New mural blankets Easthampton Feed building along city’s rail trail
EASTHAMPTON — Cyclists and pedestrians on the Manhan Rail Trail will soon be greeted by a new mural on the back of the Easthampton Feed building.
The mural, which is currently being painted by Springfield artist Priya Green, combines vertical forms with floral imagery and covers the expanse of the Mechanic Street building’s back wall.
The city’s Cultural Council commissioned Green to paint the mural using state-allocated funds and donations from local businesses after community surveys indicated that residents wanted to see more public art displays.
“There is certainly a call for accessible public art,” said Rachel Phillips, chairwoman of the Easthampton Cultural Council, “and especially during COVID, things that are outside, so it made sense in many ways to see if we could be part of creating a mural.”
Phillips and volunteers helped with the basic color blocking, and Green will complete the rest of the detail work by the end of the month.
“I hope that people will find it as a joyful breath of fresh air, especially those that discover it on the bike path,” Green said. “Because of how the building is situated on the path, it can be discovered as a sudden, happy surprise on the rail trail.”
Green has shown her work in venues such as the University Museum of Contemporary Art at the University of Massachusetts Amherst, the Jersey City Museum and the Cuchifritos Gallery in New York City. She and her husband, Andrae Green, also painted the Taylor Street parking garage in Springfield, a mural on the Bay Path University Student Commons and led a mural painting on the Bing Arts Center in Springfield.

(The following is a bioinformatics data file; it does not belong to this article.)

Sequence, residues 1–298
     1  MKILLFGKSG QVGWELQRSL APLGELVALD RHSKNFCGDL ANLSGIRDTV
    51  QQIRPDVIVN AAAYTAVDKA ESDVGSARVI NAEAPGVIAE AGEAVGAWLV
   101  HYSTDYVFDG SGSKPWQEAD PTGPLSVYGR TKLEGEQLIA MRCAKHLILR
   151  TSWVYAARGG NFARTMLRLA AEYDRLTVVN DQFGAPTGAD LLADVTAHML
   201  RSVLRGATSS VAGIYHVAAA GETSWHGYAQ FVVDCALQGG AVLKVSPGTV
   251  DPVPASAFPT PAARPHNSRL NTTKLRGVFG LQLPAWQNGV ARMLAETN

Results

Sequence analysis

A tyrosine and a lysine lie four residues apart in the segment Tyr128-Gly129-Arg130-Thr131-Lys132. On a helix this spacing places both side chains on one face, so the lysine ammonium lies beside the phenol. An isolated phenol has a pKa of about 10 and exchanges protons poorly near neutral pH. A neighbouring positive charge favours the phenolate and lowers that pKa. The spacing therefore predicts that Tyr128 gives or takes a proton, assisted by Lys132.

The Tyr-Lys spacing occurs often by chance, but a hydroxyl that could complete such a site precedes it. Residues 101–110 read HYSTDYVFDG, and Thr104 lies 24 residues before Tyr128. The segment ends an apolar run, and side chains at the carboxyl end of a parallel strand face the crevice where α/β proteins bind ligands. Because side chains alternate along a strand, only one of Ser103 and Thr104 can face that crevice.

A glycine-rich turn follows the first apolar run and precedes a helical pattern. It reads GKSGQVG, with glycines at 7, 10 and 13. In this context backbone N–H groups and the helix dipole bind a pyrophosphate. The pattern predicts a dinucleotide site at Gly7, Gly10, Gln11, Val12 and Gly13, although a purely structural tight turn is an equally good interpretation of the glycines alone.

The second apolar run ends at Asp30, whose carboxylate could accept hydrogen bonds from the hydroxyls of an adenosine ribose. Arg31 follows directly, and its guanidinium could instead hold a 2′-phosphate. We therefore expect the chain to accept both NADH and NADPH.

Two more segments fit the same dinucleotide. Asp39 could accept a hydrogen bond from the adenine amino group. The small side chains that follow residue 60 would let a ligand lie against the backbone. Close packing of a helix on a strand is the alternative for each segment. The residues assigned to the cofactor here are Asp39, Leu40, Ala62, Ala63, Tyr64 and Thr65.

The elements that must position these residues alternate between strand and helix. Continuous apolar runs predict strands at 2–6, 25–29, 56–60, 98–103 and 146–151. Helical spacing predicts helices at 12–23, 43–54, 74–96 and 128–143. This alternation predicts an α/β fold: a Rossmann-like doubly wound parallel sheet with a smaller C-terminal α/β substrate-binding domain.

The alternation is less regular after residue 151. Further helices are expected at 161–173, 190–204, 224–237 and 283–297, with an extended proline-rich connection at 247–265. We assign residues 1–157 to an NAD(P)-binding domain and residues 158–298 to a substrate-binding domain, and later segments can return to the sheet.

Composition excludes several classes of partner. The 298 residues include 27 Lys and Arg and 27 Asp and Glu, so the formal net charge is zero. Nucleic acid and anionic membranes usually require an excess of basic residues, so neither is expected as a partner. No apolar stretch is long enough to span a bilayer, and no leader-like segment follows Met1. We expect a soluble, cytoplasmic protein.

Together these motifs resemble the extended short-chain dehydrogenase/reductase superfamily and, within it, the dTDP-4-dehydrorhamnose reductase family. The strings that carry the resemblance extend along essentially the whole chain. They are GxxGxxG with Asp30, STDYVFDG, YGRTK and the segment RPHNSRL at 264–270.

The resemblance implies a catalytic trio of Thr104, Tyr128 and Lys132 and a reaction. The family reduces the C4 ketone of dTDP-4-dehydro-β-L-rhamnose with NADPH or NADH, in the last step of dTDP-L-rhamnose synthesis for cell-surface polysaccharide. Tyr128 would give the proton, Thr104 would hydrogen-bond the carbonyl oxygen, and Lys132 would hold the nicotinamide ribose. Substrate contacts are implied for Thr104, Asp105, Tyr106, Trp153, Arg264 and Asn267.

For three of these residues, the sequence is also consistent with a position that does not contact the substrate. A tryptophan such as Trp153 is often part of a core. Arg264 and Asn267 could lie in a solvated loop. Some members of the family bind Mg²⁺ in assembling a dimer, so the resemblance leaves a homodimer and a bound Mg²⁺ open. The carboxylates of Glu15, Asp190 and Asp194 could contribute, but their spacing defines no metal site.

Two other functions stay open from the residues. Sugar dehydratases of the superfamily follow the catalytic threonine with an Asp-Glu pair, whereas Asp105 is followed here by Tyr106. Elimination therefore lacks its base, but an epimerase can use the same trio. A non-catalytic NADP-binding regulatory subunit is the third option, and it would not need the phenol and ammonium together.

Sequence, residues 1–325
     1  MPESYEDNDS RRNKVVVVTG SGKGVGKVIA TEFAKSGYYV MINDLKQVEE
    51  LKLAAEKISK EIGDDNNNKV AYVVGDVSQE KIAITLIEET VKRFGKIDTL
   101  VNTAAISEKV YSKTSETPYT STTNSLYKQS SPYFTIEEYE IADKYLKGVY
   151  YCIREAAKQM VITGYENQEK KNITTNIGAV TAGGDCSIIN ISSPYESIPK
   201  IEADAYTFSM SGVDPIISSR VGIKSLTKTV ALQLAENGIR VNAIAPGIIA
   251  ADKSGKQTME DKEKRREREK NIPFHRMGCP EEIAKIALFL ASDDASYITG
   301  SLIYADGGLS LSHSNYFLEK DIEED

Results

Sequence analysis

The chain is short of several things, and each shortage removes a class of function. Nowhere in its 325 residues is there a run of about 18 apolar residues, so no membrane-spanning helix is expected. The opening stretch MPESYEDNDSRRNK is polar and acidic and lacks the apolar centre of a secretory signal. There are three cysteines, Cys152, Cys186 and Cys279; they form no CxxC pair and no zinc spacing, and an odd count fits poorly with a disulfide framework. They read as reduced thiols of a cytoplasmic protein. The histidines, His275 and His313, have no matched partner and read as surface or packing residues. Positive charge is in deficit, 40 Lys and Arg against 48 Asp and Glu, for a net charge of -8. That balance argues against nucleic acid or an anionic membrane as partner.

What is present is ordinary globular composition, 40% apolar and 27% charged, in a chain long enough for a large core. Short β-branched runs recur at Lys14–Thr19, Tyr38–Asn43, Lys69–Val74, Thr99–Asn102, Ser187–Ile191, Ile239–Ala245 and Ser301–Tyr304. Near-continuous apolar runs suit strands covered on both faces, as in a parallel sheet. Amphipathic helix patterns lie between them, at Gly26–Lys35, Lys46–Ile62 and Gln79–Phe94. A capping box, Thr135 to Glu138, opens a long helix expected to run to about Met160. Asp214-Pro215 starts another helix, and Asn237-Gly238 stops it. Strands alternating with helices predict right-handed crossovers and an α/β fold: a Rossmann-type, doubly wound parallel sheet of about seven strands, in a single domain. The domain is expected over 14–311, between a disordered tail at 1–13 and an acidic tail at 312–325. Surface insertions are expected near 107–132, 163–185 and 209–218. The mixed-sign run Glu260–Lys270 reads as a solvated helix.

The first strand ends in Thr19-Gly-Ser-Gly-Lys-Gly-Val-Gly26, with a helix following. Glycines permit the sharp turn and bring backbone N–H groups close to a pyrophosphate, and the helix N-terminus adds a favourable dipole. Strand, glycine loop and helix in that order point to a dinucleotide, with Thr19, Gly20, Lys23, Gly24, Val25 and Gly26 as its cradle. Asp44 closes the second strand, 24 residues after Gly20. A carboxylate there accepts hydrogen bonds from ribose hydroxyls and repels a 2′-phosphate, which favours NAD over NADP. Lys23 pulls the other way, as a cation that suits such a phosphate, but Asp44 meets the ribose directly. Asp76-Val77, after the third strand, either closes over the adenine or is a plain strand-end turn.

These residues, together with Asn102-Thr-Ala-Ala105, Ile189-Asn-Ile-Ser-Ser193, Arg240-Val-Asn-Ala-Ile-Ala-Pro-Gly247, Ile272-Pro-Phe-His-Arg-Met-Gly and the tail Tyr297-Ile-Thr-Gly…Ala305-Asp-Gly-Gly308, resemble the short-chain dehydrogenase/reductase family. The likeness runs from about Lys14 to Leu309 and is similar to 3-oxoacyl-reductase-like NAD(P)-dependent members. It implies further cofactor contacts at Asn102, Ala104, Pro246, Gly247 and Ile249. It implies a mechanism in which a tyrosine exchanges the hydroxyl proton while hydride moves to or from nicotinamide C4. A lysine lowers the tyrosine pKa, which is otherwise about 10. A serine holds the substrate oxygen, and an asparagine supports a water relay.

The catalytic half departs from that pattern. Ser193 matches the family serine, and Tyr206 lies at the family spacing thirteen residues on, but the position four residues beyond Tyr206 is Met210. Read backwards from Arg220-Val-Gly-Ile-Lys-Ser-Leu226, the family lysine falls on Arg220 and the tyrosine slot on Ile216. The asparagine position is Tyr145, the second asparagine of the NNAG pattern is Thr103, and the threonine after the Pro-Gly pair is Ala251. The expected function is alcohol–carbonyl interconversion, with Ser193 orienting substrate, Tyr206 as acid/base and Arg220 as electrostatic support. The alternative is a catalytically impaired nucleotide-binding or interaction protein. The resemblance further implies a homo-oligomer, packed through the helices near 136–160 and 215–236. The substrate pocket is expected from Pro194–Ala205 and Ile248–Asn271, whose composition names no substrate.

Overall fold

Green’s latest mural, titled “Bloom,” seemed an appropriate fit for the Easthampton Feed building with its floral imagery, she said, given that the building houses a farm and garden supply store.
Phillips spoke with several business owners before finalizing the mural’s location with David Stauffer, manager of Easthampton Feed. The building was ideal for its location along the rail trail, Phillips said, and also because it is made out of metal, which is a first choice for many mural artists because, unlike brick, it will not absorb the paint.
Stauffer also paid to expand the mural beyond its originally planned size, Phillips said. Rather than just a portion of the building surface, the mural will cover the entire wall facing the rail trail, which is about 55 feet wide by 20 feet high for a surface area of around 1,100 square feet.
“I don’t think we imagined the entire building being painted, and here we are,” she said. “It turned out Dave Stauffer wanted to see it bigger, and this was a delightful surprise to me.”
Two other local businesses also helped to make the mural possible. Fleury Lumber Company donated more than $3,000 worth of paint for the mural, and Taylor Real Estate provided a cash donation to reinvigorate the surface of the old building.
“The building has been here for a very long time,” Phillips said, “so we’re very excited to bring it into a new life, give it another life here with public art.”
Jacquelyn Voghel can be reached at firstname.lastname@example.org.